France has said it will impose a state of emergency in New Caledonia for at least 12 days, after a second night of unrest over changes to voting rights in the overseas territory that has resulted in the deaths of at least four people.

A government spokeswoman, Prisca Thevenot, announced the decision after a cabinet meeting on Wednesday afternoon in Paris, saying it would aim to calm tensions after the “scenes of chaos.”

The emergency measures will give authorities greater powers to tackle the unrest, including the possibility of house detention for people deemed a threat to public order.

“The priority is to restore order, calm, serenity,” the spokeswoman said.

The last time France took such a measure for the Pacific archipelago was in January 1985, during a peak of recurring violent conflicts between French authorities and a pro-independence movement that spanned most of the 1980s.

More than 130 people have been arrested and “several dozen rioters” taken into custody amid the unrest, according to the French high commission. Since Monday, more than 300 people have been injured, it has said.

Rioting began this week before politicians in Paris – 10,600 miles (17,000 km) away – voted on a bill to allow French residents who have lived in New Caledonia for 10 years the right to vote in provincial elections. Some local leaders fear this change would dilute the share of the vote held by Kanaks, the Indigenous group that makes up about 41% of the population and the major force in the pro-independence movement.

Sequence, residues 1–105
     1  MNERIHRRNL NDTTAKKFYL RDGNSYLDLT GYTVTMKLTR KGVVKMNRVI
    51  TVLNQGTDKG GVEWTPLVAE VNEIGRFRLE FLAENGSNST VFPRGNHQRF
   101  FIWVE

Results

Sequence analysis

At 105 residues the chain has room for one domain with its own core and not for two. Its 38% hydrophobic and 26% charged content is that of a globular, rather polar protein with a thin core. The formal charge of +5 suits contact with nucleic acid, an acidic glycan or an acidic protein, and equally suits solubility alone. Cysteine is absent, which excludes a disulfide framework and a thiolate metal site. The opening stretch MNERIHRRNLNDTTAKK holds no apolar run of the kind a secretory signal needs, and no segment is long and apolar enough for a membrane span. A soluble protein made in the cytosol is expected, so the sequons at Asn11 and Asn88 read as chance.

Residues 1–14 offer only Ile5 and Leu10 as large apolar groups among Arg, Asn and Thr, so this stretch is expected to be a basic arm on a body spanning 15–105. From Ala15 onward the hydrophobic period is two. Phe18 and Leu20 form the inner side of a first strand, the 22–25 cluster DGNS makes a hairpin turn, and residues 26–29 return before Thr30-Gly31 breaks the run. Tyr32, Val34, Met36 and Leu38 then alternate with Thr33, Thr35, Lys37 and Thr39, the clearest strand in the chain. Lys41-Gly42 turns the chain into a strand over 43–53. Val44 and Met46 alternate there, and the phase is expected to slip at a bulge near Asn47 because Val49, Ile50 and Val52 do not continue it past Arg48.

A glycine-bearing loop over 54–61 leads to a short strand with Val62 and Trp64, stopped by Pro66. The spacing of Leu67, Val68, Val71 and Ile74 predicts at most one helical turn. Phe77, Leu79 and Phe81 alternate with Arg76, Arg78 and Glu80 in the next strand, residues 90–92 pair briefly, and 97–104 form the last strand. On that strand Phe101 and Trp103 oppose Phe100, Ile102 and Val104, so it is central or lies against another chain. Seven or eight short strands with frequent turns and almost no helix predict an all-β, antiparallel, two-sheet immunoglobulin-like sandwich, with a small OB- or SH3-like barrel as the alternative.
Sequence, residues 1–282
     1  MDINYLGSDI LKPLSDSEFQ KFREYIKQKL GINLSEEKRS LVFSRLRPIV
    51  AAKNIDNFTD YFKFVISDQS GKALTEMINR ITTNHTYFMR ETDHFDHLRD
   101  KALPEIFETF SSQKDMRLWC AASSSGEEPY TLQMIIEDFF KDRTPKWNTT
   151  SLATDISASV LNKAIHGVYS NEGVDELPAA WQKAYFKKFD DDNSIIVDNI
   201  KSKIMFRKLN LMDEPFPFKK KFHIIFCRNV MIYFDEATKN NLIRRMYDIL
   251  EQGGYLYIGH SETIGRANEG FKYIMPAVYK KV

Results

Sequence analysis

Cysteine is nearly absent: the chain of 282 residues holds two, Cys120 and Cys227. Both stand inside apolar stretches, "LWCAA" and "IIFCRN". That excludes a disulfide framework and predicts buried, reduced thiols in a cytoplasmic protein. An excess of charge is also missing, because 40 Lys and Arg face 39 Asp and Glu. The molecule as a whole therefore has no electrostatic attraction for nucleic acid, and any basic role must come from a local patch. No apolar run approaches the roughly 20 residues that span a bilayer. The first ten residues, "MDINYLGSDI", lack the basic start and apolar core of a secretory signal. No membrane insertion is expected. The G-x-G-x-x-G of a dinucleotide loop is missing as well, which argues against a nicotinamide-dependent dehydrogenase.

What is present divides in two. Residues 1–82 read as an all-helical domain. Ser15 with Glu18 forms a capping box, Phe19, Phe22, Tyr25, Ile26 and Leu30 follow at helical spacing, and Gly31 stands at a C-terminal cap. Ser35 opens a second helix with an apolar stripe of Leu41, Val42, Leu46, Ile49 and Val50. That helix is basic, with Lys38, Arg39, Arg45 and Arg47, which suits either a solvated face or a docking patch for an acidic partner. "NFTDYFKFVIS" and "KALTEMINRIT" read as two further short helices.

Three of the people who died on Wednesday were young Indigenous Kanak, said a spokesperson for New Caledonia’s president, Louis Mapou. The fourth fatality was a gendarme who died later from his injuries.

All local political parties in the overseas territory issued a joint statement calling for “calm and reason” as a curfew was extended to Thursday and schools and the airport remained closed.

In the capital, Nouméa, and in the commune of Païta there were reports of several exchanges of fire between civil defence groups and rioters.
French officials said one person had been found shot dead in an industrial zone. The high commissioner, Louis Le Franc, said the shot had not come from police but “from someone who probably was defending himself”.

Le Franc warned that if calm were not restored there would be “many deaths” in the Nouméa metropolitan area.

“The situation is … very serious,” he said. “We have entered a dangerous spiral, a deadly spiral.” Le Monde reported thatLe Franc had described the situation as “insurrectional”, saying it could take on “a form of civil war”.

“Numerous arsons and pillaging of shops, infrastructure and public buildings – including primary and secondary schools – were carried out,” said the high commission.

Security forces regained control of Nouméa’s prison, which holds about 50 inmates, after an uprising and escape attempt by prisoners.

As well as a curfew, gatherings have been banned alongside the carrying of weapons and the sale of alcohol. The La Tontouta international airport remained closed to commercial flights.

The voting amendment is the latest flashpoint in a decades-long tussle over France’s role in the island.